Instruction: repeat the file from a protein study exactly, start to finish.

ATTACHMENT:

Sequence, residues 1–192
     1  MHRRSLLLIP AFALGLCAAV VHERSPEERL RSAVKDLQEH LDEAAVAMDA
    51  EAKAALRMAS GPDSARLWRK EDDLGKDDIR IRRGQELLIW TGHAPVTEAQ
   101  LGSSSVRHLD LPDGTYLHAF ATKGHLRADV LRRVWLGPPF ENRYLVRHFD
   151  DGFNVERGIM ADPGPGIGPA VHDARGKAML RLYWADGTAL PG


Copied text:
Sequence, residues 1–192
     1  MHRRSLLLIP AFALGLCAAV VHERSPEERL RSAVKDLQEH LDEAAVAMDA
    51  EAKAALRMAS GPDSARLWRK EDDLGKDDIR IRRGQELLIW TGHAPVTEAQ
   101  LGSSSVRHLD LPDGTYLHAF ATKGHLRADV LRRVWLGPPF ENRYLVRHFD
   151  DGFNVERGIM ADPGPGIGPA VHDARGKAML RLYWADGTAL PG